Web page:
The N950, sadly, will only be available in limited quantities to commercial/professional developers, with roughly 250 to be handed out to open source developers in the community. Notably, the N950 doesn't have NFC so it can't be used to develop or test NFC applications.

    The N9 both is and is not an upgrade to my N900. It's lack of a hardware keyboard, lack of an SD card slot, and capacitive screen are negatives, while the faster and slightly revised omap3630 processor and 1GB of RAM are definite upsides. Additionally, most major European countries plus the US are likely going to be delayed (hopefully just delayed) for the N9 release as Nokia seems to be prioritizing them for WP7.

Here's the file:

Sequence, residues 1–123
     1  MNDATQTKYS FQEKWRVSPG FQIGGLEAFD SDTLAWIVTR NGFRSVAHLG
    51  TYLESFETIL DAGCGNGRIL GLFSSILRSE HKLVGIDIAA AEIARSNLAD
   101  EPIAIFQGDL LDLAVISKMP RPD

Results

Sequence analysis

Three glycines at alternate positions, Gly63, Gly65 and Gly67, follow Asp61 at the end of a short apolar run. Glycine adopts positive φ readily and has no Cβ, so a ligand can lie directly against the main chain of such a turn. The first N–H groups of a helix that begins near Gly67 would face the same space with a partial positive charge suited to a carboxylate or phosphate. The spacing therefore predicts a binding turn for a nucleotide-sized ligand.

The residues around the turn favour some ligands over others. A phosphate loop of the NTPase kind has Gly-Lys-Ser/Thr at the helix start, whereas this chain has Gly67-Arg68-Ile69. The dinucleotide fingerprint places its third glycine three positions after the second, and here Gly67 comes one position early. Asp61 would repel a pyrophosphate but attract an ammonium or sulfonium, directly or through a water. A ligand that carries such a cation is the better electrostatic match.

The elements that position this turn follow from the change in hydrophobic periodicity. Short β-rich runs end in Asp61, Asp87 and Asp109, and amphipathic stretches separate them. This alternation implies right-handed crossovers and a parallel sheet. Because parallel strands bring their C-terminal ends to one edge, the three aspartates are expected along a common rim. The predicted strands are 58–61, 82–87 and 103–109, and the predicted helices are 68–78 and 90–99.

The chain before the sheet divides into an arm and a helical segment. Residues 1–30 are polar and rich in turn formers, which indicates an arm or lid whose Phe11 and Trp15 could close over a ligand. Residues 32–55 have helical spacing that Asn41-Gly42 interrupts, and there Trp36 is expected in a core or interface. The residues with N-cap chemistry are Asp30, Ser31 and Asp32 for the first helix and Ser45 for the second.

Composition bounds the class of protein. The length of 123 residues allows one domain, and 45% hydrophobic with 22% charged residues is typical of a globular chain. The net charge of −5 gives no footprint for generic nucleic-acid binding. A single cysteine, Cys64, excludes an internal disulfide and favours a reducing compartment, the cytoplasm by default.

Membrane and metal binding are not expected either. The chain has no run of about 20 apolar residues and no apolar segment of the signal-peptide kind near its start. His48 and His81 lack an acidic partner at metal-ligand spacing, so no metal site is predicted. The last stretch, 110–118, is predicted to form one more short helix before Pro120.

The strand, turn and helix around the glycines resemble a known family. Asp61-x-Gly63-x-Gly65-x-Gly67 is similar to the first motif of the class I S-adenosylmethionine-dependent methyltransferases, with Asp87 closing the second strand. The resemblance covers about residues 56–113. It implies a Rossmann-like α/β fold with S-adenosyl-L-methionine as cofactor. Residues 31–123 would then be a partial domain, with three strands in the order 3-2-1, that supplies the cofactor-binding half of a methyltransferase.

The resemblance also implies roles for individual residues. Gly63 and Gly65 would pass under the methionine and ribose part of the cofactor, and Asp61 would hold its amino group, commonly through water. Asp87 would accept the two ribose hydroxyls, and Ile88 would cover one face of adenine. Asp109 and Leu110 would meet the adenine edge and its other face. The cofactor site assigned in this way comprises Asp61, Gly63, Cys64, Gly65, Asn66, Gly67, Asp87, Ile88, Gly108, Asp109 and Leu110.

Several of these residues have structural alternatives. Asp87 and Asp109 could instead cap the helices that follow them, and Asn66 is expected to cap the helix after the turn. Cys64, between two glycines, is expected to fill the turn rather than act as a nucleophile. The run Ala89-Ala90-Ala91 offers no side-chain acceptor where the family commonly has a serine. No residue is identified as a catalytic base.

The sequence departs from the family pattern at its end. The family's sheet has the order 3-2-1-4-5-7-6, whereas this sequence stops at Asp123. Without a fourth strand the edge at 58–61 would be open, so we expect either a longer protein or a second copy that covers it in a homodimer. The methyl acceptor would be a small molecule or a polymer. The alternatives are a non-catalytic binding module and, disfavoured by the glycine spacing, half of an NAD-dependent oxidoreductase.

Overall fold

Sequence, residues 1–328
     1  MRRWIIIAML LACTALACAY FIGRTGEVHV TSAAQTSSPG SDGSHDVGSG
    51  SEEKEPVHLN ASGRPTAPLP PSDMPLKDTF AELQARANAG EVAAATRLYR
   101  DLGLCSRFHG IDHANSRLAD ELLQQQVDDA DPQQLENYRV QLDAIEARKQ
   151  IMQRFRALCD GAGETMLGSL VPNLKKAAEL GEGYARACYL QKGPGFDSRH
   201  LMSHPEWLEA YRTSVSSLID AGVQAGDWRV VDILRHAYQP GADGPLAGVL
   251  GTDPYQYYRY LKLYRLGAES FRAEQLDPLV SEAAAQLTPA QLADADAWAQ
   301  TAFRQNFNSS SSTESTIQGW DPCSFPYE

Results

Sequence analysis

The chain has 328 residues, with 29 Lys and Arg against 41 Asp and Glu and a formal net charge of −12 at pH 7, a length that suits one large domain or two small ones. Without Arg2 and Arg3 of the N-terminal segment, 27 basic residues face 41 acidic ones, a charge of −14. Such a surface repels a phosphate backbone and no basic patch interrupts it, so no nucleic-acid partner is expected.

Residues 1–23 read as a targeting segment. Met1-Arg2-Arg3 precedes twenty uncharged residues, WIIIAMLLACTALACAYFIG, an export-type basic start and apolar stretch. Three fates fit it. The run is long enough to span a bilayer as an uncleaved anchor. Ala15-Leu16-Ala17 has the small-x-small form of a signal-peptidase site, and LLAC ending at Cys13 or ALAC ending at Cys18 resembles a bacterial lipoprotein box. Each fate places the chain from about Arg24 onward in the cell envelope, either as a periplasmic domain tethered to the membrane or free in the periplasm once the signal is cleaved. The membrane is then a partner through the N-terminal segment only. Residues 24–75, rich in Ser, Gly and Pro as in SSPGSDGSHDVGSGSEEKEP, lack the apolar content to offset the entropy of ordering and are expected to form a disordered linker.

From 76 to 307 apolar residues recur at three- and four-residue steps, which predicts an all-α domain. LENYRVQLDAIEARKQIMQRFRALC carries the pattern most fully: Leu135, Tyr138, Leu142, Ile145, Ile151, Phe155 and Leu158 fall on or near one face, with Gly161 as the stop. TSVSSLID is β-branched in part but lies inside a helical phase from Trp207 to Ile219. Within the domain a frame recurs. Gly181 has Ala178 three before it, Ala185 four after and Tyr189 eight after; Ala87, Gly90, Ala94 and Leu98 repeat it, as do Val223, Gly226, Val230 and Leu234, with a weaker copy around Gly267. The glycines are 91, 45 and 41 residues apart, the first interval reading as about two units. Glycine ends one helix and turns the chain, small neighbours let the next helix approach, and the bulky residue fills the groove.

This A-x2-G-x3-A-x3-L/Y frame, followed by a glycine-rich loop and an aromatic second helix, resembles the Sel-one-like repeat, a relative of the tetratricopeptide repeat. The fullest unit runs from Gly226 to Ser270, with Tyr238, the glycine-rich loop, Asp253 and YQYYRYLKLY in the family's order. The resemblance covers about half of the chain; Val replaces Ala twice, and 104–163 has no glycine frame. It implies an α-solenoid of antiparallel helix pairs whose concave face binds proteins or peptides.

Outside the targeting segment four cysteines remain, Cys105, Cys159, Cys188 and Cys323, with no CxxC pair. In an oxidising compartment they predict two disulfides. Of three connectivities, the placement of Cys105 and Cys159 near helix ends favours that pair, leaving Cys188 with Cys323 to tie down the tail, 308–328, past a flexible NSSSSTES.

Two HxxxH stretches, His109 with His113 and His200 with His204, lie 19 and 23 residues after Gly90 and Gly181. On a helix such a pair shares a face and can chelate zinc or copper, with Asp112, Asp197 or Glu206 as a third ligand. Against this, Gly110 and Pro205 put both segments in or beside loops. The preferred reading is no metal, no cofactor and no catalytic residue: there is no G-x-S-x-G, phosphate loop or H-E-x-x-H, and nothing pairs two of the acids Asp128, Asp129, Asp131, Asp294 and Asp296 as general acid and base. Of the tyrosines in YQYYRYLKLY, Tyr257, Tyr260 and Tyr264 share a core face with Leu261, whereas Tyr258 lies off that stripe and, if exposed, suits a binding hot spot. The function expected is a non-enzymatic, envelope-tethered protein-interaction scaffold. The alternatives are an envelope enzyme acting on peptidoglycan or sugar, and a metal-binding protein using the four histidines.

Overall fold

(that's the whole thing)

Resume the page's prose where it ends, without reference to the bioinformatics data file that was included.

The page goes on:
I will probably get one, as a minor upgrade. Hopefully the price will be reasonable.

  • by exomondo (1725132) on Tuesday June 21, 2011 @08:43PM (#36522392)

    Good question, also is the curved surfaced capacitive screen a first too? It's very striking in pictures from some angles

    I can't think of another phone with a capacitive convex screen but the Nexus S has a concave one.

  • by fotoguzzi (230256) on Tuesday June 21, 2011 @10:02PM (#36522970)
    There are a billion reasons.
  • by afabbro (33948) on Wednesday June 22, 2011 @01:46AM (#36524406) Homepage

    Everyone will have some criticisms, that's only expected, but no-one who has worked on the device wants to see a criticism with a brush so broad that it covers their contribution or component

    Dear people who worked on this device:

    Your contributions were meaningless. Your device is already forgotten. You wasted your time.